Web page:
Showdown over return to classrooms in Philly to be resolved by mediator

Philadelphia School District headquarters

Philadelphia School District headquarters on North Broad Street. (Mark Henninger/Imagic Digital)

Philadelphia’s teachers union says school buildings aren’t safe for occupancy, setting the stage for a showdown ahead of a scheduled return to classrooms for some staffers Monday.

On Wednesday night, Philadelphia Federation of Teachers President Jerry Jordan said he had called on the city to appoint a third-party mediator to arbitrate the dispute, an option made available to both the union and the school district by a memorandum of agreement they signed last fall. The mediator — who will be appointed by Philadelphia’s Office of Labor — will hear evidence presented by both parties, and need to quickly make a ruling on whether it’s safe to return to school buildings during the pandemic.

Jordan said he was still deeply concerned about ventilation issues in school district buildings, some of which don’t have functioning HVAC systems. The district is currently installing over a thousand window fans in classrooms to increase air flow, something that has drawn public outcry but experts said could reduce the risk of coronavirus transmission. 

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In an interview Thursday, Jordan said he didn’t think the fans were an adequate solution.

“Members have been writing and calling with concerns about, on a cold day like today, will that cold air come into their rooms and will they be freezing in the classrooms?” he said.

School District of Philadelphia Superintendent William Hite said Thursday that the union’s request for mediation would not delay the return for some teachers Monday.

“It could possibly delay the return of students later,” Hite said. “But it will not delay our expectations for teachers to be in classrooms and they would only be in classrooms by themselves.”

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The meditator will be on a tight schedule: staff who work with children in pre-K through second grade are due back to buildings Monday, with children in that age group allowed to return on Feb. 22 if their families opted for a return in a fall survey.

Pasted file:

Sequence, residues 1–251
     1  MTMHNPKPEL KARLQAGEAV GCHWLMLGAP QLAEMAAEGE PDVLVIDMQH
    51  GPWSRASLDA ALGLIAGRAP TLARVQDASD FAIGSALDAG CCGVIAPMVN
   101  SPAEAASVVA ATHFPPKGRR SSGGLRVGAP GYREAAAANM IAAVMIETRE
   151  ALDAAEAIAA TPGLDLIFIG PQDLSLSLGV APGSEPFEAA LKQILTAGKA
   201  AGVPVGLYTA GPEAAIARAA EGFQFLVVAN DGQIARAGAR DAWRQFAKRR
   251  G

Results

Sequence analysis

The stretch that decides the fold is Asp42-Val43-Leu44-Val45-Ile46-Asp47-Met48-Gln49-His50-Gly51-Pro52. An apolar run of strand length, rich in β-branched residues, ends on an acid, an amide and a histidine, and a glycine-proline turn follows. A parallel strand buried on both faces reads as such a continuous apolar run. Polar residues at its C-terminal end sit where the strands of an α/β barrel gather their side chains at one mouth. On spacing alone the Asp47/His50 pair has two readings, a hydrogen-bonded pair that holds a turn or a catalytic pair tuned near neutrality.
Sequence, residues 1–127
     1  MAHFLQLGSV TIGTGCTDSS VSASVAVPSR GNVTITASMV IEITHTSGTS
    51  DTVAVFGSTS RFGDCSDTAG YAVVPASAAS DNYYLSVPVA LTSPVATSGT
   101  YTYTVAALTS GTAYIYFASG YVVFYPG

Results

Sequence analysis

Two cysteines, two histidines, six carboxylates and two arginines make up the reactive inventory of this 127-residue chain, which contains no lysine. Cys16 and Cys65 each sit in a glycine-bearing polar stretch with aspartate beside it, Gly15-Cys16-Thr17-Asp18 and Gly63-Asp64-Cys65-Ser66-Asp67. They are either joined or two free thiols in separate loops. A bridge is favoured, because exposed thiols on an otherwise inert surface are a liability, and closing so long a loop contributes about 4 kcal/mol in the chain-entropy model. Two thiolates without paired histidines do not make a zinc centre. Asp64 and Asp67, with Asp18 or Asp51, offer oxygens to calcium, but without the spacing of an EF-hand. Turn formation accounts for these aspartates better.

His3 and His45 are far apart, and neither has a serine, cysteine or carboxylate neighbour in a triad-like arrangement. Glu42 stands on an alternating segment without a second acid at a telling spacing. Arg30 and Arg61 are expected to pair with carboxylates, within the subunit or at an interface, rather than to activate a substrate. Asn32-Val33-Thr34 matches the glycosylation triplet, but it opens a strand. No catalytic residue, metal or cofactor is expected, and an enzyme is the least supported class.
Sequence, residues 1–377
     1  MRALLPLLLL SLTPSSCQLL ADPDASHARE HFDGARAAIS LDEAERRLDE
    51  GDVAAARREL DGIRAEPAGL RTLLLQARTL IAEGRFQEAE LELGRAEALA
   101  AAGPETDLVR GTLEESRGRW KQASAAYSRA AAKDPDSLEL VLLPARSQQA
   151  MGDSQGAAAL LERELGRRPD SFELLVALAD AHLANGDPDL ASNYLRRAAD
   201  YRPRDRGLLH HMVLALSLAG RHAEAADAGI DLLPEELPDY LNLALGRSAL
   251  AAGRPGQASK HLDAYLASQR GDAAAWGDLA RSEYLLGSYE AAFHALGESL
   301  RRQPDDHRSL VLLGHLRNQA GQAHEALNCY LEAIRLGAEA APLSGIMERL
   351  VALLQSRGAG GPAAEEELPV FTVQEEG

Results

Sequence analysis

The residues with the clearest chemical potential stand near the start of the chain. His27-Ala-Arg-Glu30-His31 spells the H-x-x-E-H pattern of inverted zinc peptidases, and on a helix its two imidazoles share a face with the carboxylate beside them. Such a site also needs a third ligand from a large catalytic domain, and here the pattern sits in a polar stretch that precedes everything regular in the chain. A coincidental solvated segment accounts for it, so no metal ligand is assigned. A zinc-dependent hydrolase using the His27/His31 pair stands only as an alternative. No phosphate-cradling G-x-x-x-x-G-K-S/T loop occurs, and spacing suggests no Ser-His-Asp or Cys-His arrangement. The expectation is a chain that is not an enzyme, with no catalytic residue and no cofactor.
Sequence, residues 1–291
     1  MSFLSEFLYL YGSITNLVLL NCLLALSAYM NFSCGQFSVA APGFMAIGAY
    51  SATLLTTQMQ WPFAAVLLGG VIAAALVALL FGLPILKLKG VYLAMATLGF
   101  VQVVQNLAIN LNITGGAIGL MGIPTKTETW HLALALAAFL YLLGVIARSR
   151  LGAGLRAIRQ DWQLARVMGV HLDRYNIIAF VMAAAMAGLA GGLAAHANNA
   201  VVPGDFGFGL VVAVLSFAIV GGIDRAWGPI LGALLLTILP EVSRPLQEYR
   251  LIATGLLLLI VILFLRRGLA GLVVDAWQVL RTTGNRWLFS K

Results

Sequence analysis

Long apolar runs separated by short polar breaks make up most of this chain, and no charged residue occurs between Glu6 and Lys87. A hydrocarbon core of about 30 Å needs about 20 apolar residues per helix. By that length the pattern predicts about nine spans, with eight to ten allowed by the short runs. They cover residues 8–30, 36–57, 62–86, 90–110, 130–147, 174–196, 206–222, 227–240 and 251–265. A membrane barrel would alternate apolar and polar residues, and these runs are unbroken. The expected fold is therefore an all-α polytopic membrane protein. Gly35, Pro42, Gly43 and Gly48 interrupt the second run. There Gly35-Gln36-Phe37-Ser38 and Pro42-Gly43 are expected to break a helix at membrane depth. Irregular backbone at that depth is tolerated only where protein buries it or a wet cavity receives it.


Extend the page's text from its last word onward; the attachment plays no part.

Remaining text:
Hite’s call to return to classrooms aligns with city public health officials, as well as guidance from the Pennsylvania Department of Education, Children’s Hospital of Philadelphia and the Centers for Disease Control and Prevention.

But many parents and other school staff are also wary about returning. On Thursday, 119 School District of Philadelphia nurses released a letter calling on the district to delay reopening buildings until all school-based staff are vaccinated.

A City of Philadelphia spokesperson said in an email Thursday that the city is “in conversations with a potential mediator and can share more once that person is confirmed.” In his Wednesday email to members, Jordan said the union was preparing for a hearing in the case “this week.”

Many teachers and parents have little trust in the safety of School District of Philadelphia buildings, given the district’s legacy of deferred and underfunded maintenance. It’s also bungled some of the maintenance it has performed recently. Rushed construction at Benjamin Franklin High School exposed students to asbestos and caused $50 million — five times what was initially budgeted.

Jordan referenced that “debacle” on Thursday as an example of why so many of his members were skeptical of the district’s claims that they would be safe to return.

“The district does not have a great history of maintaining their school buildings well,” he said.

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